This might help dilute and clear stomach acid from your esophagus. Many types of citrus juice, including orange juice and grapefruit juice, are considered common triggers for heartburn. This may be because the carbon dioxide that gives these drinks their bubbles can cause you to burp more, which can increase the acid coming out of your esophagus. That’s because alcohol increases stomach acid, relaxes the lower esophageal sphincter, and impairs the ability of the esophagus to clear out acid. If your heartburn isn’t getting better, your medicines cause side effects you can’t handle, or you have other complications, you may need surgery.
It may be hard to tell the difference between heartburn and other types of chest pain. If you’re unsure about the type of pain you’re feeling, it’s always a good idea to discuss it with a healthcare provider. It may also help to focus on other symptoms that you might have with it. These accompanying symptoms can help you distinguish heartburn from a heart attack or from other esophageal disorders. Heartburn is a painful, burning feeling in the middle of your chest.
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Dr. Glassner says that other treatment options for acid reflux may need to be considered. In some cases, heartburn can be a risk factor for Barrett’s esophagus, a precancerous change of the esophagus, or even active esophageal cancer. When this valve is relaxed, food you’ve consumed is allowed to pass through to your stomach. When contracted, this valve prevents this food and acid from backing up into your esophagus.
But they don’t fix the original problem with your lower esophageal sphincter. If medications don’t work, you might need additional treatment. It can be triggered by an especially rich the advantage or acidic meal, or by extra abdominal pressure, such as during pregnancy. Heartburn that occurs regularly is a symptom of chronic acid reflux (GERD), which is also relatively common.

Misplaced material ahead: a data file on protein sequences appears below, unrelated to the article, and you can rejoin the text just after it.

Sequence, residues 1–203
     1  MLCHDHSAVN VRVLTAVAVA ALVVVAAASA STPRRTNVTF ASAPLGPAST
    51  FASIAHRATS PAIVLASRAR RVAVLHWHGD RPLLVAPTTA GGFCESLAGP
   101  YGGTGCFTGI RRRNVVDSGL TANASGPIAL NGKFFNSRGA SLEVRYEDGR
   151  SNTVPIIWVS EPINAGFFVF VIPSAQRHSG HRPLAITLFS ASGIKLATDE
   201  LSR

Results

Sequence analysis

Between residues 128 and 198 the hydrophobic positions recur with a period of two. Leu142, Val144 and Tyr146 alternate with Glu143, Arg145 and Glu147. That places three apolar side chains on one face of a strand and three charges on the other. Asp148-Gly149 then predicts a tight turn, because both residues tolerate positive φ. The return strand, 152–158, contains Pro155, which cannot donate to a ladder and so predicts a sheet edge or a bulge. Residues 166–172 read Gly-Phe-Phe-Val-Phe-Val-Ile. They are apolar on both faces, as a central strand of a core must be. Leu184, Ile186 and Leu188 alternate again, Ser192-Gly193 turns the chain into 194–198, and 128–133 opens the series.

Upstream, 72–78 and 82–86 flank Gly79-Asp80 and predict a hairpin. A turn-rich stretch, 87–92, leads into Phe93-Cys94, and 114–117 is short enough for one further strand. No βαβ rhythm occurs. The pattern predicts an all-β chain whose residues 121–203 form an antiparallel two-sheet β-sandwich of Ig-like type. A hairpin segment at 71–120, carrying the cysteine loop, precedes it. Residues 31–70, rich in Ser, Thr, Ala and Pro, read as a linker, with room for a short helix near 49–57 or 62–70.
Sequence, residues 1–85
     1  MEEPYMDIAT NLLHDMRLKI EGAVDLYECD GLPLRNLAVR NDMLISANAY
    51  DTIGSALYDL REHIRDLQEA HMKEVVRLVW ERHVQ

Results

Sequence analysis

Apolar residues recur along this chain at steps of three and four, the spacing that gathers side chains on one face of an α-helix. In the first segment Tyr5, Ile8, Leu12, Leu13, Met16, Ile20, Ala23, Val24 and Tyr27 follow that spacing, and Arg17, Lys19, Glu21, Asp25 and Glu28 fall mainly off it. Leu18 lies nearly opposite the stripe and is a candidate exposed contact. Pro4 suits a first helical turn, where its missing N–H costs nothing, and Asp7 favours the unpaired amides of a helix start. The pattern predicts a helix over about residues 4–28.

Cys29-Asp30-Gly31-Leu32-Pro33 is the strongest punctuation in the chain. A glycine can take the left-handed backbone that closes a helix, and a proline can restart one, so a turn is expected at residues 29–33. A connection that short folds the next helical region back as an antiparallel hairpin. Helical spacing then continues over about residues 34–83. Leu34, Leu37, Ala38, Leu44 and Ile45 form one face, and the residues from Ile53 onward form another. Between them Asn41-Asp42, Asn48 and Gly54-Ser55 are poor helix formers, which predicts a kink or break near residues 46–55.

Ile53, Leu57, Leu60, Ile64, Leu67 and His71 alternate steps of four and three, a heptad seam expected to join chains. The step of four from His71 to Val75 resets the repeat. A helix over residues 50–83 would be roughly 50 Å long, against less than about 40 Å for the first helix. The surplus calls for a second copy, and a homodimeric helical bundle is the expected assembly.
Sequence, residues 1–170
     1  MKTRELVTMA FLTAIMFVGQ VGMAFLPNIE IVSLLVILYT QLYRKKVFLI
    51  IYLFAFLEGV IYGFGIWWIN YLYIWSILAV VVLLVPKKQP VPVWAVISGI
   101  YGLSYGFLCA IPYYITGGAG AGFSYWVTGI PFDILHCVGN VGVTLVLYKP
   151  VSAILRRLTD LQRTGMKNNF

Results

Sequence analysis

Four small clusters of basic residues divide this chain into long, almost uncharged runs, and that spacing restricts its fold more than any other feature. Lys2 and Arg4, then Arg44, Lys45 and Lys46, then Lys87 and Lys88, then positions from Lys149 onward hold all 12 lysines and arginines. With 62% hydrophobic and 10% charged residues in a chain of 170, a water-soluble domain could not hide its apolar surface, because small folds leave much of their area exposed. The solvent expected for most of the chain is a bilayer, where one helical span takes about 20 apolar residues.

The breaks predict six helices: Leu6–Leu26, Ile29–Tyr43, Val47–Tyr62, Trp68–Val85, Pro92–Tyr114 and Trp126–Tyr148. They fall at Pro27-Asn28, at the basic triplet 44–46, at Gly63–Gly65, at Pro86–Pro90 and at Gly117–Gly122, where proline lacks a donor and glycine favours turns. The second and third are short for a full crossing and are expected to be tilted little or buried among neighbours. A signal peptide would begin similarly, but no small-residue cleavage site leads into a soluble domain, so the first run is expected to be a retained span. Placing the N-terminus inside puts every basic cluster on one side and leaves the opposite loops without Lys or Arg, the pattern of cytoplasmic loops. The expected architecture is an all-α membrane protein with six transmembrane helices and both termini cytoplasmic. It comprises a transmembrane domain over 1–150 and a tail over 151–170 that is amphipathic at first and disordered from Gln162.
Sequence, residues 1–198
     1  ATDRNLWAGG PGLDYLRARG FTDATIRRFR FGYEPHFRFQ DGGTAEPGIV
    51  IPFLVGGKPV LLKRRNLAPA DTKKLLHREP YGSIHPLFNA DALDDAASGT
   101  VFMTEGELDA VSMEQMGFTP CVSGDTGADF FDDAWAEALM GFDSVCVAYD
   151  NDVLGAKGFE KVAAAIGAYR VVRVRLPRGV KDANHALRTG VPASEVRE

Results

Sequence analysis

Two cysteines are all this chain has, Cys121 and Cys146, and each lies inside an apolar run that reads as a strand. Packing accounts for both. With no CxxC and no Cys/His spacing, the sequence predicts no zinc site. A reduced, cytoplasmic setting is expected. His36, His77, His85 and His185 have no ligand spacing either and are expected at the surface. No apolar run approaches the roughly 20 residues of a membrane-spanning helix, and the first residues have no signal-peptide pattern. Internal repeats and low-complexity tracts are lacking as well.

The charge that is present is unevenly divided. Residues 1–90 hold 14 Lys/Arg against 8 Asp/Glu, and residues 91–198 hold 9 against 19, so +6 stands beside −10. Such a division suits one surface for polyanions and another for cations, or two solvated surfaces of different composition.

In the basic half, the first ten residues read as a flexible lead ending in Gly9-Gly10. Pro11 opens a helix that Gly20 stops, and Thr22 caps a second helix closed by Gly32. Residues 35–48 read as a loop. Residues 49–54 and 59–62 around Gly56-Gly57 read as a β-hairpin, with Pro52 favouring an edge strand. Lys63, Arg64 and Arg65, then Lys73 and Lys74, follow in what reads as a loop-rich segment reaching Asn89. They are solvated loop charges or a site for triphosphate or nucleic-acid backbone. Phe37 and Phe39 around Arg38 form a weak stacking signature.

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Risk factors include having obesity (a body mass index or BMI greater than 30) and overweight (a BMI greater than 25), smoking and exposure to second-hand smoke. Occasional heartburn is uncomfortable, but it won’t do any real damage. In fact, some amount of acid reflux is normal, and most people don’t even feel it. If you’re feeling it, you may be getting more acid reflux than your esophagus can tolerate.
Avoid eating within 2-3 hours of your bedtime so your stomach has plenty of time to empty. In the best-case scenario, you may be able to manage it by making some diet and lifestyle adjustments and keeping some antacids handy for occasional use. If you need them, long-term prescription medications are also very effective for acid reflux.
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Soothe occasional, mild heartburn with an antacid that contains calcium carbonate or magnesium. Those that contain magnesium may also help heal stomach ulcers. If you’ve ever felt like your chest was on fire after eating a big or greasy meal, then you could try this out you’re probably familiar with heartburn. Whether it happens to you occasionally or more often, you can take simple steps to soothe the burn. Learn more about why heartburn happens, who’s at risk, and how to stop — and prevent — the pain.